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MGM CEO: Bellagio, New York-New York likely to reopen first after shutdown

Updated April 30, 2020 - 6:26 pm

In the rapidly changing coronavirus environment, acting MGM Resorts International CEO Bill Hornbuckle found some definitives among uncertainties in Thursday’s first-quarter earnings conference call.

Hornbuckle, in the first earnings call in his new role, said New York-New York and Bellagio would likely be the first of the company’s 13 Southern Nevada outlets to open — whenever that turns out to be.

The company is burning about $270 million during each month that its domestic properties remain closed and has laid off and furloughed 63,000 workers.

Hornbuckle said MGM would release its opening strategy within two weeks.

“While we have always placed health and safety at the forefront of all that we do, there are new imperatives,” Hornbuckle said in his introductory remarks. “Consumer confidence is key to economic recovery and thoughtful strategies are vital to building public trust. This is a responsibility we take extremely seriously.”

Hornbuckle also said the company is developing digital innovations for touchless interaction across the guest experience.

“We know there are a number of key areas that are essential to protect the public and build confidence in our ability to put people back to work and safely welcome guests,” he said. “We’re collaborating with public health officials, experts in epidemiology and biosafety, and both state and federal governments to come up with a set of protocols that will help deliver a safe environment. These will include measures like physical distancing, stringent sanitation and provisions of PPE, crowd management and more.”


Hornbuckle believes gaming will open universally in Nevada, meaning every company will have the opportunity to emerge at its own pace.

“We’re probably looking at two or three offerings initially,” he said.

New York-New York is simpler to run with only 2,000 rooms, and Bellagio would be able to compete with neighboring high-end properties on the Strip.

“From there, we’re talking about what other properties should open, if any, at that point in time,” he said. “Most of these properties need to be between 30 and 50 percent (occupied) to generate any kind of cash that is meaningful, i.e. meaning not going backwards. So we’re going to see how the market responds.”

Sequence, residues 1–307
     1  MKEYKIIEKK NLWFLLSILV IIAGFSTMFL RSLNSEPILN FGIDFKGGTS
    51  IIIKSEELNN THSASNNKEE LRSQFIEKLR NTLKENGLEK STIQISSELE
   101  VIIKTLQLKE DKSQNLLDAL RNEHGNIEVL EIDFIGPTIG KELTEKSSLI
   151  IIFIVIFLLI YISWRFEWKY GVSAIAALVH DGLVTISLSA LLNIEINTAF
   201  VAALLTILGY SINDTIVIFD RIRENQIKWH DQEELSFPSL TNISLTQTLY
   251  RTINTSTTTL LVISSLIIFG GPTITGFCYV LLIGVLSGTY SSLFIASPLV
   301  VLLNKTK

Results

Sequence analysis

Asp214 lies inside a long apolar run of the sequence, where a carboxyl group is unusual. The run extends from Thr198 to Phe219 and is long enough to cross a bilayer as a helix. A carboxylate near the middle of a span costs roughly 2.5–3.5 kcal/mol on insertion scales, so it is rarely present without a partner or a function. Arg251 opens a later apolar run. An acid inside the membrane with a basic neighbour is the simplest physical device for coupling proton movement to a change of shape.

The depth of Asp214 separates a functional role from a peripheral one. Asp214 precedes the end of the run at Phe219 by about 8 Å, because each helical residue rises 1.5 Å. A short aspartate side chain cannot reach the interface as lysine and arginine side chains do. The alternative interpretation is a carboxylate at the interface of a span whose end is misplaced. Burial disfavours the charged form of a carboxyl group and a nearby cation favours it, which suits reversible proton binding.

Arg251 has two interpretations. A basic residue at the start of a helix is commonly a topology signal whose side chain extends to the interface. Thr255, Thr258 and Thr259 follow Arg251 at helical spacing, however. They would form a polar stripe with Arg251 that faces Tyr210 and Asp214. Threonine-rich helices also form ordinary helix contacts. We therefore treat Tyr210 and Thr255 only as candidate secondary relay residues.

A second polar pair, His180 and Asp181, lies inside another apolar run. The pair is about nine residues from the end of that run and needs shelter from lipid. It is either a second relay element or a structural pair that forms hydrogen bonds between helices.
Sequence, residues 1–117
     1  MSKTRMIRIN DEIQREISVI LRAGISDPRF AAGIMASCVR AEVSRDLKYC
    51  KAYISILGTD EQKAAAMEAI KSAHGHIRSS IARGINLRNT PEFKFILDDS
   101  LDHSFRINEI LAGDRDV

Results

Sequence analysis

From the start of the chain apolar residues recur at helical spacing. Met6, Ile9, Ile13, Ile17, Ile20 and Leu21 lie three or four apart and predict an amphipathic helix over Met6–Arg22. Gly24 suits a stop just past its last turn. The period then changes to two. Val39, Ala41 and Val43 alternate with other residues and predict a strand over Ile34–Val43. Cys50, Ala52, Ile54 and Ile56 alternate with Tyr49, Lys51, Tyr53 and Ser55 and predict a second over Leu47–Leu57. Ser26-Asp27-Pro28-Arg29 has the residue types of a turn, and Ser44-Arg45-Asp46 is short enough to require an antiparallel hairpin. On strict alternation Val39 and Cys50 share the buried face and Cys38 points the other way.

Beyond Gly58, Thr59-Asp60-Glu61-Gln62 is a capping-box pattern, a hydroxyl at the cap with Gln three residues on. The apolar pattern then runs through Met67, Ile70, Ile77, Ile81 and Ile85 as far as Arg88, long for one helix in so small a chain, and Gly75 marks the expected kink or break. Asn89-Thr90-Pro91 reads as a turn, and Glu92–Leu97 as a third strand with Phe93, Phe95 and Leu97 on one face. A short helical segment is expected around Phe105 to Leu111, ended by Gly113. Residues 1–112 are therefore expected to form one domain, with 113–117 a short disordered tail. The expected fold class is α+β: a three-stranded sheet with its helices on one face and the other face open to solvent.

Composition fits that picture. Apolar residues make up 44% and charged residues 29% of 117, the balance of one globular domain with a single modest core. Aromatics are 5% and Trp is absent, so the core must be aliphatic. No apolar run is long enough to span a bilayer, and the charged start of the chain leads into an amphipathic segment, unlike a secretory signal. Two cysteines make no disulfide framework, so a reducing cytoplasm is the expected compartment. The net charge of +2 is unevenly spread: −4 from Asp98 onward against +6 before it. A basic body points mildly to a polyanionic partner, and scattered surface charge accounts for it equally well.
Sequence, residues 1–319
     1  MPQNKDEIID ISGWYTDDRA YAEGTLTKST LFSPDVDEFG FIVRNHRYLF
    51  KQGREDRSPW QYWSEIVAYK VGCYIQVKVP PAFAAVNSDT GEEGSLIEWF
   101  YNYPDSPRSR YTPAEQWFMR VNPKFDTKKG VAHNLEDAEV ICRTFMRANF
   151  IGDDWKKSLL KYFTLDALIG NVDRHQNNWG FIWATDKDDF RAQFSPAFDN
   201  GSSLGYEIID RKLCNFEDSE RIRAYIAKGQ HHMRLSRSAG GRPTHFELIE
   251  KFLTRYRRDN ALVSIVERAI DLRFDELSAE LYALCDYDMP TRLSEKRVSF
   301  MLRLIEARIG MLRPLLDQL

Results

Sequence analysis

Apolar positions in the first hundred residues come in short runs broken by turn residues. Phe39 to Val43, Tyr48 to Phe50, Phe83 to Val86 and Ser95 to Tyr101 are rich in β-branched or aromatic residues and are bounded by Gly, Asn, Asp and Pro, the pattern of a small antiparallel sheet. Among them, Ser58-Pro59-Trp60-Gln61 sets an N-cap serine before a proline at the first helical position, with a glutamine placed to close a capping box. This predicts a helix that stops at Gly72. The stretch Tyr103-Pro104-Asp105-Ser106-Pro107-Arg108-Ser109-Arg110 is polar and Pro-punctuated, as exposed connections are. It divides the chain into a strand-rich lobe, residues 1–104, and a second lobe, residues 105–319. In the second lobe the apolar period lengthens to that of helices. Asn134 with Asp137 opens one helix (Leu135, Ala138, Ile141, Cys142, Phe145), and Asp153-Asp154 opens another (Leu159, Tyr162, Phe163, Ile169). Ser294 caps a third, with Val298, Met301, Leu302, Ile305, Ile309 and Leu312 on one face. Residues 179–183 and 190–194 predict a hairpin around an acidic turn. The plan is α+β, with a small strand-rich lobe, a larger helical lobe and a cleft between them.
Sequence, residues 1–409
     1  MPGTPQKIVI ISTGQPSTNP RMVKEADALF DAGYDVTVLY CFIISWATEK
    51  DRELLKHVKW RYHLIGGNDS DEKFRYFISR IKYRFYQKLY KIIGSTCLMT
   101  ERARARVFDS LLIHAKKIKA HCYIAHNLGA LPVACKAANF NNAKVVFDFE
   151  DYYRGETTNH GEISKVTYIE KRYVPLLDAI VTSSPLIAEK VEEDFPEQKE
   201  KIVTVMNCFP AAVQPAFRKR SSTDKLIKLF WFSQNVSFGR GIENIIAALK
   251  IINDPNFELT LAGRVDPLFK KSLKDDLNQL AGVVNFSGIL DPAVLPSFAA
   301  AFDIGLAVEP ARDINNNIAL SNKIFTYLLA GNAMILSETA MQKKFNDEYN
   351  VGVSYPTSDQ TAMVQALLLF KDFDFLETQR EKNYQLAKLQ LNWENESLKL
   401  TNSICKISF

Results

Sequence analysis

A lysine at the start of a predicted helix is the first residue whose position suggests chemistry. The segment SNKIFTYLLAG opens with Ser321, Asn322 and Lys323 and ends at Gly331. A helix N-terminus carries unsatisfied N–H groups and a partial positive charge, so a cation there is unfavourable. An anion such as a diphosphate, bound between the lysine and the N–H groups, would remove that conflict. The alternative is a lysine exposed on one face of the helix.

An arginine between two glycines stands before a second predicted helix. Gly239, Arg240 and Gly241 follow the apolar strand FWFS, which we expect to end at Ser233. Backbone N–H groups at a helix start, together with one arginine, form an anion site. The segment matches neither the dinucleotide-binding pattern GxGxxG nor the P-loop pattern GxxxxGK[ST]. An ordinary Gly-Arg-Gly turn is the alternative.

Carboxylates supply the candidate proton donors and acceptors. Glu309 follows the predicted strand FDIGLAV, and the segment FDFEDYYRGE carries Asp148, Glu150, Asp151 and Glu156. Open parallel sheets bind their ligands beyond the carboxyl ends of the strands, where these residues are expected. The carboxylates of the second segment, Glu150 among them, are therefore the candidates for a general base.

He also said the company has been eyeballing space between Mandalay Bay and Luxor for tailgating gatherings prior to Las Vegas Raiders games at Allegiant Stadium, using the West Hacienda Avenue overpass of Interstate 15 as the company’s pedestrian gateway to the stadium — if and when National Football League games are played before in-person audiences in 2020.

Hornbuckle said he has confidence in that group business, including conventions, will come back eventually, but it will take longer than the Southern California drive market’s return.

“We do believe, because drive-in traffic particularly spikes in the summer, that regionally we’ll see a substantial amount of drive-in; there’s obviously pent-up demand,” he said.

Chief Financial Officer Corey Sanders said about half of the conventions and trade shows on MGM’s books for 2020 canceled, but half of those have already rebooked for later dates.

“We have more rooms on the books now for 2021 than we did for 2019 at the same time in 2018,” Sanders told investors.

Growth opportunities

Hornbuckle also told investors that the company will continue to be bullish on Asia, with Macao and Japan being growth opportunities for the company, and that sports betting and iGaming — wagers on video-game competitions — will pick up in the months ahead.

The company reported net income of $807 million, $1.64 a share, on revenue of $2.3 billion, which was down 29 percent from the same quarter in 2019. The reason for the increase: the $4.6 billion sale of the MGM Grand and Mandalay Bay real estate to a joint venture real-estate investment trust that includes affiliated MGM Growth Properties and The Blackstone Group earlier this year.

MGM withstood effects of the closure of its domestic properties in March and its two casinos in Macao in February with the sale and with cost-savings measures delivered with its MGM 2020 strategy.

“While there’s no proven playbook for the current challenges we face, I have faith in our deep operating experience, our expertise in safely managing public gatherings, the strength of our long-term plan and our tenure in this business,” Hornbuckle said. “More than that, I have a tremendous amount of confidence that the men and women at MGM Resorts and our partners around the world will rise to this challenge as they have on so many occasions before.”

MGM stock fell 63 cents a share, 3.6 percent, on volume slightly above average. After hours, it fell another 63 cents, 3.7 percent, to end at $16.20 a share on a day when the Dow Jones Industrial Average fell 1.2 percent overall.

Contact Richard N. Velotta at rvelotta@reviewjournal.com or 702-477-3893. Follow @RickVelotta on Twitter. Review-Journal staff writer Bailey Schulz contributed to this report.

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